The ℓ1 norm, and hence the ℓ1 ball, comes up frequently in compressed sensing and in sparse regression.

In recent blog posts we’ve looked at how the relative volume in a ball inscribed in a hypercube drops quickly as dimension increases. What about the cross polytope? The relative volume of a ball inscribed in a cross polytope decreases rapidly with dimension as well. But does it decreases faster or slower than the relative volume of a ball inscribed in a hypercube? To answer this, we need to compute

\left.\frac{\mbox{vol ball in cross poly}}{\mbox{vol cross poly}}\middle/\frac{\mbox{vol ballin hypercube}}{\mbox{vol hypercube}}\right.

Let’s gather what we need to evaluate this. We need the volume of a ball of radius r in n dimensions, and as mentioned before this is

V = \frac{\pi^{\frac{n}{2}} r^n}{\Gamma\left(\frac{n}{2} + 1\right)}

A ball sitting inside an n-dimensional unit cross polytope will have radius 1/√n. This is because if n positive numbers sum to 1, the sum of their squares is minimized by making them all equal, and the point (1/n, 1/n, …, 1/n) has norm 1/√ n. A ball inside a unit hypercube will have radius 1/2.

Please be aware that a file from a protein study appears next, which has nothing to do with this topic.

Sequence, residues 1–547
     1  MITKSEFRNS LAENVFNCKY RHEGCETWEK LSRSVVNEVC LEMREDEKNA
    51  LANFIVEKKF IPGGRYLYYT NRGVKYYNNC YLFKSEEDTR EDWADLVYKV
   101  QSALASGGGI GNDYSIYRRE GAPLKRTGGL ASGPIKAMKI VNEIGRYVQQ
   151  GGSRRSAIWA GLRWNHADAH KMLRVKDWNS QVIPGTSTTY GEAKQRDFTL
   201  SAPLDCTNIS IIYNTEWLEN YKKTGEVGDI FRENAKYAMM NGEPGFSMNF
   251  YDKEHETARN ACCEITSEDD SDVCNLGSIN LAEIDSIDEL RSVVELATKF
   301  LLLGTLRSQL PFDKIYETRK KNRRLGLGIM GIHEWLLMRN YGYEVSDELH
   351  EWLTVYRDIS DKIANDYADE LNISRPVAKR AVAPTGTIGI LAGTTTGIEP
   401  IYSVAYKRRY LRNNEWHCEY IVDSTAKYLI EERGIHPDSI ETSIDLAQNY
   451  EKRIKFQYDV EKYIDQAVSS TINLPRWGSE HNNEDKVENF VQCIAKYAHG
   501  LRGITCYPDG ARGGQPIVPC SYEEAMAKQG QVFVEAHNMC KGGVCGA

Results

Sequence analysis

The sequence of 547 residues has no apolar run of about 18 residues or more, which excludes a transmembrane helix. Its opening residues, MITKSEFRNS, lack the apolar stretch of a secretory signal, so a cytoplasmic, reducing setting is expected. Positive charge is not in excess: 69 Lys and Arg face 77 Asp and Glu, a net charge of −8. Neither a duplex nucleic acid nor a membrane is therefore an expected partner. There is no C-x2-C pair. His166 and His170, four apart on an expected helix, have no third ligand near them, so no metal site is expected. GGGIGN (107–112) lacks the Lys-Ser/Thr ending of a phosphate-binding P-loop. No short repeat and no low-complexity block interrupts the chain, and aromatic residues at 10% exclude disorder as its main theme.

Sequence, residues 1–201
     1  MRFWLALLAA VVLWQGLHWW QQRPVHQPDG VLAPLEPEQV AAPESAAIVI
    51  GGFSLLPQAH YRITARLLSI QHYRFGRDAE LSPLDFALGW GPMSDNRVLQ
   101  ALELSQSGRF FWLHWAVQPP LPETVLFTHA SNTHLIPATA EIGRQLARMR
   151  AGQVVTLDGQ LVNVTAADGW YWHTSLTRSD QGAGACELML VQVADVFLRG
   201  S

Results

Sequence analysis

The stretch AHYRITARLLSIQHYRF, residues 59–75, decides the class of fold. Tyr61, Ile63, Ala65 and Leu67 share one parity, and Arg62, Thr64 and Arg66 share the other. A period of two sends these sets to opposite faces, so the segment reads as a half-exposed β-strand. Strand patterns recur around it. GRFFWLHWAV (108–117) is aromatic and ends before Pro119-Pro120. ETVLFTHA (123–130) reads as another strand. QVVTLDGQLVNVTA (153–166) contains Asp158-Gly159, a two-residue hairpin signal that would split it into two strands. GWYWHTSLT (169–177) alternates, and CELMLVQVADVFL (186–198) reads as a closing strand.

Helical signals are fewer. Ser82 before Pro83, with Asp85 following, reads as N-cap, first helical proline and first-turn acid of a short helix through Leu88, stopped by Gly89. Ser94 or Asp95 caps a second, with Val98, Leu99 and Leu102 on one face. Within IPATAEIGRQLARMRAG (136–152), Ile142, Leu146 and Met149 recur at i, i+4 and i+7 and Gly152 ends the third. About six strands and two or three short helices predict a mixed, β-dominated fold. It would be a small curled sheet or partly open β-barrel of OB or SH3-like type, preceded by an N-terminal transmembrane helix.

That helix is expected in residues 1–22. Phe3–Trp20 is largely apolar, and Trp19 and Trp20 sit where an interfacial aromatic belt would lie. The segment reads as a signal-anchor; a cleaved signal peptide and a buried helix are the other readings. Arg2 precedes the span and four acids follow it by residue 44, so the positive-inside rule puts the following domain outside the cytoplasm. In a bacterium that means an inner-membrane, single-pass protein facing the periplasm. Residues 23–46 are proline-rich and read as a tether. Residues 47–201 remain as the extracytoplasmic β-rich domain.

The cross polytope has volume 2n / n! and the hypercube has volume 1.

Putting this all together, the relative volume of a ball in a cross polytope divided by the relative volume of a ball inside a hypercube is

\left. \frac{ \frac{\pi^{n/2}}{\Gamma\left(\frac{n}{2} + 1\right)} \left(\frac{1}{\sqrt{n}}\right)^n } { \frac{2^n}{n!} } \middle/ \frac{ \frac{\pi^{n/2}}{\Gamma\left(\frac{n}{2} + 1\right)} \left(\frac{1}{2}\right)^n } { 1 } \right.

which fortunately reduces to just

\frac{n!}{n^n}

But how do we compare n! and nn/2? That’s a job for Stirling’s approximation. It tells us that for large n, the ratio is approximately

\sqrt{2\pi n}\, n^{n/2}e^{-n}

and so the ratio diverges for large n, i.e. the ball in the cross polytope takes up increasingly more relative volume.

Looking back at just the relative volume of the ball inside the cross polytope, and applying Stirling’s approximation again, we see that the relative volume of the ball inside the cross polytope is approximately

\sqrt{2}\left( \frac{\pi}{2e} \right )^{n/2}

and so the relative volume decreases geometrically as n increases, decreasing much slower than the relative volume of a ball in a hypercube.